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Definitions of manage

  1. be successful; achieve a goal; "She succeeded in persuading us all"; "I managed to carry the box upstairs"; "She pulled it off, even though we never thought her capable of it"; "The pianist negociated the difficult runs" Scrapingweb Dictionary DB
  2. come to terms or deal successfully with; "We got by on just a gallon of gas"; "They made do on half a loaf of bread every day" Scrapingweb Dictionary DB
  3. achieve something by means of trickery or devious methods Scrapingweb Dictionary DB
  4. watch and direct; "Who is overseeing this project?" Scrapingweb Dictionary DB
  5. carry on or manage; "We could do with a little more help around here" Scrapingweb Dictionary DB
  6. the appendage to an object that is designed to be held in order to use or move it; "he grabbed the hammer by the handle"; "it was an old briefcase but it still had a good grip" Wordnet Dictionary DB
  7. The handling or government of anything, but esp. of a horse; management; administration. See Manege. Webster Dictionary DB
  8. To have under control and direction; to conduct; to guide; to administer; to treat; to handle. Webster Dictionary DB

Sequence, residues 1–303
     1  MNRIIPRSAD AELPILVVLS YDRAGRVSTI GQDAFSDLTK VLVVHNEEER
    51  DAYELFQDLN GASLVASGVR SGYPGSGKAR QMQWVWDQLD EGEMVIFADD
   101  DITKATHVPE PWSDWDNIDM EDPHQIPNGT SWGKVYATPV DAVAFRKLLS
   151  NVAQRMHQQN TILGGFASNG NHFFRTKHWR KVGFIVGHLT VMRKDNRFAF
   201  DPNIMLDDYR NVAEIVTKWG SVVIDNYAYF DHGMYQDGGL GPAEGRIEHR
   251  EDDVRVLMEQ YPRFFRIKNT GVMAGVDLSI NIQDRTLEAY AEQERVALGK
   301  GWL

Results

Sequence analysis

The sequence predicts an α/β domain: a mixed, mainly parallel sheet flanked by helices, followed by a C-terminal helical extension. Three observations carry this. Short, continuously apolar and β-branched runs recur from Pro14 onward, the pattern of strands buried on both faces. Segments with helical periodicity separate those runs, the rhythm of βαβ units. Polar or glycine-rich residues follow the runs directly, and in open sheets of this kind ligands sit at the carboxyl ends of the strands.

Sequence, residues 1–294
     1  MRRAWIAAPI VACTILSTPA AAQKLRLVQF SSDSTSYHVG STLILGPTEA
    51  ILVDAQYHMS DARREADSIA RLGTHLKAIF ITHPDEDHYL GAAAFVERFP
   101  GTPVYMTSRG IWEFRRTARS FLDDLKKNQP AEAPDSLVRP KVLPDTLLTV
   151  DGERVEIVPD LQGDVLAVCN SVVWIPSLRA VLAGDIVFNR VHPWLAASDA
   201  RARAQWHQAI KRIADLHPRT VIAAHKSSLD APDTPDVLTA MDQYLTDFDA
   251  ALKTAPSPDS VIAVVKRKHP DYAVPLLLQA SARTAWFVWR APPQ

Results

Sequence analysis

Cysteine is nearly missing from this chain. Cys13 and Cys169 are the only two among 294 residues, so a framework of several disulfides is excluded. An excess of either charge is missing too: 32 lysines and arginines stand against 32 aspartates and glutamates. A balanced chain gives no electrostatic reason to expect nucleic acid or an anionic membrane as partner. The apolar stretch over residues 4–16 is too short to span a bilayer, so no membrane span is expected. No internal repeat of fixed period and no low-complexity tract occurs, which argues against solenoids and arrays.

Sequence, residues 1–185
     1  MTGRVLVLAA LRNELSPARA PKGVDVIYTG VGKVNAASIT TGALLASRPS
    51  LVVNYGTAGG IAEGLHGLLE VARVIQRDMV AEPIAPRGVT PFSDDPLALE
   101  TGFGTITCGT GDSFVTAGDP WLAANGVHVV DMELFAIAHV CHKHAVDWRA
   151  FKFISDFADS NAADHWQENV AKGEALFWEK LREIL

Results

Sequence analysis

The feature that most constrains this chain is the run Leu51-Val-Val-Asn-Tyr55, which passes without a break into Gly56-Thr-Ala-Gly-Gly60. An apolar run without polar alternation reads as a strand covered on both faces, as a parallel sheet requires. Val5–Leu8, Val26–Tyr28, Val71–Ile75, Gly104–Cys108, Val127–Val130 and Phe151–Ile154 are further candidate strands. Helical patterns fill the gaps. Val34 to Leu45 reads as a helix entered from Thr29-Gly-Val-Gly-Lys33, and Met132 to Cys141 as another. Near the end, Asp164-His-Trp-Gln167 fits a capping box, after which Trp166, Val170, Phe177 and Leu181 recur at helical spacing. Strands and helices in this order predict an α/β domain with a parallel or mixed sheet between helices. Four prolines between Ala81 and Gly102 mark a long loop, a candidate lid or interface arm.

9. Hence: Esp., to guide by careful or delicate treatment; to wield with address; to make subservient by artful conduct; to bring around cunningly to one's plans. Webster Dictionary DB
  10. To train in the manege, as a horse; to exercise in graceful or artful action. Webster Dictionary DB
  11. To treat with care; to husband. Webster Dictionary DB
  12. To bring about; to contrive. Webster Dictionary DB
  13. To direct affairs; to carry on business or affairs; to administer. Webster Dictionary DB
  14. To conduct or carry on; govern; make obedient or controllable; to bring about; contrive. The Winston Simplified Dictionary. By William Dodge Lewis, Edgar Arthur Singer. Published 1919.
  15. To conduct or direct affairs. The Winston Simplified Dictionary. By William Dodge Lewis, Edgar Arthur Singer. Published 1919.
  16. To conduct with economy: to control: to wield: to handle: to have under command: to contrive: to train, as a horse. The american dictionary of the english language. By Daniel Lyons. Published 1899.
  17. To conduct affairs. Nuttall's Standard dictionary of the English language. By Nuttall, P.Austin. Published 1914.
  18. MANAGER. The Concise Standard Dictionary of the English Language. By James Champlin Fernald. Published 1919.
  19. To conduct affairs; contrive. The Clarendon dictionary. By William Hand Browne, Samuel Stehman Haldeman. Published 1894.
  20. To conduct; control; contrive. The Clarendon dictionary. By William Hand Browne, Samuel Stehman Haldeman. Published 1894.
  21. To control; conduct; guide; contrive. The Concise Standard Dictionary of the English Language. By James Champlin Fernald. Published 1919.
  22. To conduct business or affiairs. The Concise Standard Dictionary of the English Language. By James Champlin Fernald. Published 1919.